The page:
Come with a nice young lady, we would sing, jumping on to the easiest and most coherent bit from Informer,.
On Snows original 1992 tongue-twisting reggae track, Newfoundland, Irish and Patois accents rolled up into some, some-a-thing, some-eee-aaa-go gibberish.
The Canadian artist (of Irish descent), born Darrin OBrien, spent seven weeks at number one on the Billboard charts with that global hit, which made its way into the Guinness Book Of World Records as the top-selling reggae song in U.S. history.
I dont really like that, says Snow, 27 years later. I like it because its in the Guinness book and its an Irish book. But I dont like that Ive beaten certain people that Ive beaten.
I cant help but think about cultural appropriation and ask the same question thats followed him since 1992: how much of the songs success can be attributed to Snows white privilege?
I have no clue what that word is, he says defiantly. I dont care what that word is.
He doesnt have much of an ear for what woke culture has to say.
I like what I like, who I like and when I like it. If its Black, white, brown, Chinese, Jewish to me, theres none of that.
Were back in this conversation today because of Con Calma, Snows recent collaboration with Puerto Rican Reggaeton legend Daddy Yankee (of Gasolina, Rompe and Despacito fame), which features the Informer singer laying down his most digestible verse from his classic hit.
The song has ignited the latest dance craze, the Con Calma challenge, inspired by the moves choreographed by Chapkis Dance Family in its banging video, which to date has reached half a billion views.
Daddy Yankee has spoken about how much he loved Informer growing up, and the new fusion between Snow and the King of Reggaeton is a nice little bridge between artists circling Jamaicas sounds. Yet its hard to ignore how few artists from Jamaica ever soar to these heights.
Snow doesnt outright dismiss what Im trying to address, but his responses certainly arent the kind that would come from anyone who gives these issues much thought.
Its like everything is a problem, he says. Chill the fuck out and toughen up. Theres no toughness no more. You cant say nothing without people fucking crying.
If those words sound harsh in writing, they dont sound it coming from Snow. Hes just frank and constantly willing to be exposed. Talking to him at the boardroom of NOWs downtown office makes me feel like Im right back in Scarborough with people who are frustratingly ignorant of bigger issues but also eager to do right by their peers and community. (See here for our discussion on former Toronto mayor Rob Ford, whose office Snow visited in 2014.)
Snow is nothing if not genuine, and thats exactly why the most important audience in this scenario embraces him. Jamaicans, reggae and dancehall fans love Snow. The cultural appropriation conversation seems a moot point to those who actually listen to his music.
They know I love it, he says. I feel it. Its in my heart. Thats how Jamaicans are, though. If you have it in your heart, you could sound the worst, and theyll big you up because they know you love it.
And for dancehall fans, Snow is anything but the one-hit wonder a 2015 Noisey article labelled him, as if we hadnt all been singing along to Lady With The Red Dress when it came on the radio as if Anything For You isnt on every 90s dancehall mix.
Oh, no. If Im going to Jamaica, Im not touching Informer on the mic, he says, before breaking into that reverberating 1995 duet with Nadine Sutherland. Im like, I will doooo, any, anything just for you.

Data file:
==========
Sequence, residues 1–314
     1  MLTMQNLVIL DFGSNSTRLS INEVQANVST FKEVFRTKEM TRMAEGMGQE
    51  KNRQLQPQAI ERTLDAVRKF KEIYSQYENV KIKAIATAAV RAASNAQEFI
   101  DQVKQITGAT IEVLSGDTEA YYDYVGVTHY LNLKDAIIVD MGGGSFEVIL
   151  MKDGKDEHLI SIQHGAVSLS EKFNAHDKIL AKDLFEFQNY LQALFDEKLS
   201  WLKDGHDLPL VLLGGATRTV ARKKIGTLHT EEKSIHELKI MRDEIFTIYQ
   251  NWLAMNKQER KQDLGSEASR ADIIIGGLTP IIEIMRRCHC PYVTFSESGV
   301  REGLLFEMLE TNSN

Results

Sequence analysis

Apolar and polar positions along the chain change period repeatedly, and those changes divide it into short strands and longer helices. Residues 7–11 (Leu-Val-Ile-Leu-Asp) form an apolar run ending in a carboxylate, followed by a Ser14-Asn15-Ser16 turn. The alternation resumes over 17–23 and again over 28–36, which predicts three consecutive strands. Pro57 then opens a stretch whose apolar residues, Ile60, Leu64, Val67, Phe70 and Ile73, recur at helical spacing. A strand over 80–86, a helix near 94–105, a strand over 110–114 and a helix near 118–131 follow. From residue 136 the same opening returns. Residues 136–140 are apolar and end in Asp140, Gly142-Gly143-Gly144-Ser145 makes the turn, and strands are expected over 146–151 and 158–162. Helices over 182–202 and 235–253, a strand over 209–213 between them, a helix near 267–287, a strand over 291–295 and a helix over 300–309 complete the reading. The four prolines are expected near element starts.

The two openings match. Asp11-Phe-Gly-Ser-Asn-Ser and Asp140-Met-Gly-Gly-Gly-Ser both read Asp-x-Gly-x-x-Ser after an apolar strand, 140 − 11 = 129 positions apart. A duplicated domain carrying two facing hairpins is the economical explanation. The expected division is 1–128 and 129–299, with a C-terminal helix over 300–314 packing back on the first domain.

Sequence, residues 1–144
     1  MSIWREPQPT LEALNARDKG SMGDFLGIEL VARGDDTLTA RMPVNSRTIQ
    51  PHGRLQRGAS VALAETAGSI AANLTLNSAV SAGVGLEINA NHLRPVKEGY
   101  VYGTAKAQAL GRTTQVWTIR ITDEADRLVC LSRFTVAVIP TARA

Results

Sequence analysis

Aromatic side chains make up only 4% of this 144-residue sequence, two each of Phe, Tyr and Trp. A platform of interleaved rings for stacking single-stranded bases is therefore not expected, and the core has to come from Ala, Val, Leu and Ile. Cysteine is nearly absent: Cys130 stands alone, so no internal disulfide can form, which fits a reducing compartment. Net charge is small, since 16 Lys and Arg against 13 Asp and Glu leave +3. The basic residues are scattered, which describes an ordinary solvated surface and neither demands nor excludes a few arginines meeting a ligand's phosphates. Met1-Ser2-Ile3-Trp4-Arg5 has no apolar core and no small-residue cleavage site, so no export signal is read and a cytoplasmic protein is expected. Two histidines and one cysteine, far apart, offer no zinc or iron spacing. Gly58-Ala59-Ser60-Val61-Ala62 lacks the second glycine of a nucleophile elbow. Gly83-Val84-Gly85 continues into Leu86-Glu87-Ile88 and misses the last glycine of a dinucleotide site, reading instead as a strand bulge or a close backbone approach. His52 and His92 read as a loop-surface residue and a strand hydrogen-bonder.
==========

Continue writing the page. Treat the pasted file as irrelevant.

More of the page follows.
Anything For Yous All-Star Remix, which features Buju Banton, Beenie Man, Terror Fabulous, Louis Culture and Kulture Knox not Informer remains Snows biggest hit in Jamaica: it reached number one there and became the countrys best-selling single of 95. The song, and the blessings from the collaborative artists on it, cemented Snow as the genuine article.
However, the affection Snow received from the community began long before that. When he was just Darrin OBrien (who some folks called Kid Maze), he was singing his love for the music at local gatherings and parties.
Everybody knows me from jail or from Scarborough basement dances, he says. I ran the whole East Detention. (As a singer, he clarifies.) You meet some people from Tuxedo [Court area in Scarborough], theyll be like, Yo, I was in with him.
Im in there with my family and a bunch of Jamaicans, too. My brother, father, my uncles Paddy and Terry are in my cell. We go down to the yard together. And I just sing to the Jamaicans. Thats where I got the confidence. I was like, if I could rock this jail, I could rock everywhere.
Informer was written during that 1989 stint, while he was waiting on trial for an attempted murder charge that wouldnt stick. The song is about the people who identified him in a stabbing during a drunken parking lot fight at the old Ramada Inn (now the Edward Hotel) near Don Valley and the 401. The fight was instigated after Snow was singing for the crowd.
I didnt do it. It was my best friend who did it, he says, insisting his involvement was limited to just the fighting. But I got to thank [my accusers] now. They made me write the number-one song.
With the success of Con Calma, Snows back in the booth, working on new music, with some tracks already laid out. I listened to rough versions of three: a sweet duet with Kent Jones, a classic rock song tricked out on a dance track with a verse from Fat Joe, and yet another catchy reggaeton collaboration with Cuban artist El Micha.
If and when he releases them is anyones guess. The guy isnt rushing back into the spotlight, sincerely coming across as someone whos making music because he loves to.
Maybe Ill go back home and go on my hammock for another 20 years, he says.
[Ill] wait for that kid who hasnt been born yet to say, Oh. You sang Con Calma! I wanna do that one over. Ill be like, Alright, here we go.
I got one more in me. I got one more and Im good.